Nix hits pits

From various British and other sources one often wonders what police are for. In South Australia they seem mostly to do duty as revenue collectors for the increasingly abominable state government. Sometimes they have a place in the criminal law.

Senator Xenophon doesn’t think so (See here and here). Having one absolute and consistent goal–of self-promotion–he prefers  soft coercion of others whom, given media and their own performance over recent decades, he can libel without fear. As publicity stunts go, Senator Xenophon has pretty much hit rock bottom in an age when rock bottom is heavily crowded.

So this Senator, whom few, if any, in South Australia will question in any appropriate manner–his words being taken as gospel–carries on as a righteous force. For whom? Certainly not, as talkback radio station  5AA had it in a news bulletin early this morning, an anglican archbishop.

No-one I’ve heard takes the least interest in the response of the Catholic Church in South Australia. True it generally warrants little attention. At least the Advertiser did this time:

The church has also said “from the beginning, Archbishop Hepworth has been urged to report these matters to police”. Archbishop Hepworth has not taken his allegations to police, but publicly raised the claims in the media over the past week.

Assuming the truth of that the justification for the Senator is nil, that of the so-called primate little more. Rape is a police matter, not one for publicity and self-promotion.

But Nix’s stunt  has coincided with two other moments: first, and internationally, the BBC reports:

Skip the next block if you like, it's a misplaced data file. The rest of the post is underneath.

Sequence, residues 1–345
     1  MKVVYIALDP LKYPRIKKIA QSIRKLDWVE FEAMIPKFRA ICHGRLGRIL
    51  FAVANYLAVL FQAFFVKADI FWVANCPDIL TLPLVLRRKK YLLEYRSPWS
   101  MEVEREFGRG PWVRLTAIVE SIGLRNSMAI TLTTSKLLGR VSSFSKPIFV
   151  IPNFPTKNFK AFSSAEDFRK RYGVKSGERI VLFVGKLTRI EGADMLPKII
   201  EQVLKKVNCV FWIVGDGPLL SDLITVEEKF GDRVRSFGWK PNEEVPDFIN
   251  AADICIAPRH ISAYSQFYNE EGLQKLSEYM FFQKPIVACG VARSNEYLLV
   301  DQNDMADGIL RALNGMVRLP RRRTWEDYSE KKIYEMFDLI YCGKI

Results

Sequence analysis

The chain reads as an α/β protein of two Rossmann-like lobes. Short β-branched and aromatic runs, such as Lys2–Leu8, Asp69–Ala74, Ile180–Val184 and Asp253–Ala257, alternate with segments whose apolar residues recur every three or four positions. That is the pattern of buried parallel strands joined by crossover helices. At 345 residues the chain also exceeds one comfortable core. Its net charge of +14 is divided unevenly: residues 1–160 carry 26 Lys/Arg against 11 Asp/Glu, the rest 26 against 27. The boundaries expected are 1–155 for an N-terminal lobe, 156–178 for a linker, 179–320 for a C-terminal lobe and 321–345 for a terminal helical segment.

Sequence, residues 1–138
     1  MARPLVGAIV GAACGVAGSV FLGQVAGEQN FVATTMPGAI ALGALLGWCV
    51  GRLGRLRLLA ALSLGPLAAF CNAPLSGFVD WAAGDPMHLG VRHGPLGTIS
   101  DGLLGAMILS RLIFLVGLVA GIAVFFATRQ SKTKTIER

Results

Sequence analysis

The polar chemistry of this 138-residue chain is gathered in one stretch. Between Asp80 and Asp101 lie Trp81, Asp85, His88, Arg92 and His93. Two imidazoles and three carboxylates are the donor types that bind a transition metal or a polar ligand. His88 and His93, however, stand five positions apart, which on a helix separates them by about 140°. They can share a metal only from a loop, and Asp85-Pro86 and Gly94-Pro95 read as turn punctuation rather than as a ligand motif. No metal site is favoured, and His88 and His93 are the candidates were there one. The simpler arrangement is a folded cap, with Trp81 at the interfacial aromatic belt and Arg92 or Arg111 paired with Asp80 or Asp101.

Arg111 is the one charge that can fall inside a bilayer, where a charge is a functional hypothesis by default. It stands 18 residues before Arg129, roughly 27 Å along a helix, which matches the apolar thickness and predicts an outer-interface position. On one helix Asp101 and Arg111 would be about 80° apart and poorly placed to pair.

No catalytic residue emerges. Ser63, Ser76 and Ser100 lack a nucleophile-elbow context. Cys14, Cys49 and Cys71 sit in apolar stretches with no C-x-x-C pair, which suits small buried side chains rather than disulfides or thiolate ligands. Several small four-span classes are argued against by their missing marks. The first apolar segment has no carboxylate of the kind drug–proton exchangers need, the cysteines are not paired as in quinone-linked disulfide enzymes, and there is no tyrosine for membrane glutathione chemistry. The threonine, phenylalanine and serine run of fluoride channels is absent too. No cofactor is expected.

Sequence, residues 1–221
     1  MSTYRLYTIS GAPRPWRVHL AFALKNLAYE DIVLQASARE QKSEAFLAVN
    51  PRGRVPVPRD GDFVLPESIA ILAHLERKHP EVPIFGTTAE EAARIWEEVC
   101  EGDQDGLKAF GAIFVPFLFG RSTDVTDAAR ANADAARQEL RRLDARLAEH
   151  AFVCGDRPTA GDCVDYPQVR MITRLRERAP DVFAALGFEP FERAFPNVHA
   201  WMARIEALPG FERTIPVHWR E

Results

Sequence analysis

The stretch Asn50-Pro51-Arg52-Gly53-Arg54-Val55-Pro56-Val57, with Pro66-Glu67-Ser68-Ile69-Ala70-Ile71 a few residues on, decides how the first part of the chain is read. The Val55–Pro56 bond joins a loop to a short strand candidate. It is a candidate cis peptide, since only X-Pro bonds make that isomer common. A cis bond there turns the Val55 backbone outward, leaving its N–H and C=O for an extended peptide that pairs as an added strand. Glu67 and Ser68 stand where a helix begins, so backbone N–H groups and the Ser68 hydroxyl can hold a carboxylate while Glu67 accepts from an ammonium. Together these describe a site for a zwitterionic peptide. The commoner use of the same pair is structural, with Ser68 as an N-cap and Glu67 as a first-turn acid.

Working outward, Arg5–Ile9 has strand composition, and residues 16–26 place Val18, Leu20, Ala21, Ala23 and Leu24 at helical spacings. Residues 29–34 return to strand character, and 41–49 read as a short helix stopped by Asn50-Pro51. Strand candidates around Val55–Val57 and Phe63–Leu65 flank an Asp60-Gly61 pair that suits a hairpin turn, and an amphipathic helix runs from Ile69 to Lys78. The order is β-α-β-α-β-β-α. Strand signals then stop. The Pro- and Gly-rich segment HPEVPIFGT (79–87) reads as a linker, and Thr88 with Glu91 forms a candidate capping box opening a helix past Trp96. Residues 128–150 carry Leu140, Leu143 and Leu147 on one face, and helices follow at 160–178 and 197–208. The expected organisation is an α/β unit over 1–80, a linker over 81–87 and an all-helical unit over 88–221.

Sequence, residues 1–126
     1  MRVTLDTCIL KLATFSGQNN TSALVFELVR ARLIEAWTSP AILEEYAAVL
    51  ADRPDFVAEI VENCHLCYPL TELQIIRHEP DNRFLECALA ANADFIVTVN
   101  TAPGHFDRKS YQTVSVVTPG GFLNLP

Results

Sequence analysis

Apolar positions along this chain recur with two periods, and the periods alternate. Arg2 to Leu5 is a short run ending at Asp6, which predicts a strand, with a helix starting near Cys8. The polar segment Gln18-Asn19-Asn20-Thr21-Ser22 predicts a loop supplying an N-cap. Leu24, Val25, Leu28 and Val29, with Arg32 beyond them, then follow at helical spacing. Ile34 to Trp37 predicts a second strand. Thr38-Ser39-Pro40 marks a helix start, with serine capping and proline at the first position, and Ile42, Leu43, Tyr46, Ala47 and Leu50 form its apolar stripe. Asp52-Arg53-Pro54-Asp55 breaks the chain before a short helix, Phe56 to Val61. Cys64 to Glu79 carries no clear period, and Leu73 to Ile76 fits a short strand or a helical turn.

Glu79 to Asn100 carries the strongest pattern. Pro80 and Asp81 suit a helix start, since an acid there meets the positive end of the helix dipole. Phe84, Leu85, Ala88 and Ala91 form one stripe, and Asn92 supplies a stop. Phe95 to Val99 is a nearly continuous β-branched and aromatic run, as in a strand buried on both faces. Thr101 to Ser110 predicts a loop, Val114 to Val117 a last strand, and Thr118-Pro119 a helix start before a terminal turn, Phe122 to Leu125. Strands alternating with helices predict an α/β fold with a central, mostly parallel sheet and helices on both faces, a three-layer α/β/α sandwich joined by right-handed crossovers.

A group representing victims of sexual abuse by Catholic priests is asking the International Criminal Court to investigate Pope Benedict XVI and three senior cardinals for alleged crimes against humanity.

Secondly, the Prime Minister, Julia Gillard, has introduced into the federal parliament 18 bills relating to a carbon tax. In the past, Senator Xenophon has made clear his support for legislation, usually much stronger than what government has contemplated or introduced to parliament. His own web-site is non-existent: “under construction”, we’re told. It means we don’t find his attitudes toward climate change (apd) and the carbon tax. He may not be keen on the carbon tax but his determination–more or less secret now–on so-called greenhouse gases is clear, though electorally not warranting publicity.

To conclude: apparently and when his own self-promotion is at stake, Senator Xenophon  doesn’t think police should have dealings with charges of rape. But the public should know. The same, ahem, principle of public knowledge does not apply regarding his place in the gigantic scam of climate change (apd). Can’t fault the timing!

Update: the senator seems to think we all have the intelligence of Hachem Gomez, aged 20 (ht Drudge):

 A 20-year-old man’s defense for breaking into a fast food restaurant over the weekend, and preparing himself something to eat, was simply that he was hungry.

It’s all about self.

Update 2: The senator claims 98 per cent public support for his actions. Hmm.Why does that sort of number ring a bell? Meanwhile, the priest concerned has publicly and “categorically” denied the alleged acts of sexual abuse. Unless some evidence of criminal misconduct appears before police–and pretty sharply–we must  assume the senator had only a publicity stunt in mind. And hopefully nothing more. His position as a member of the Senate is intolerable.


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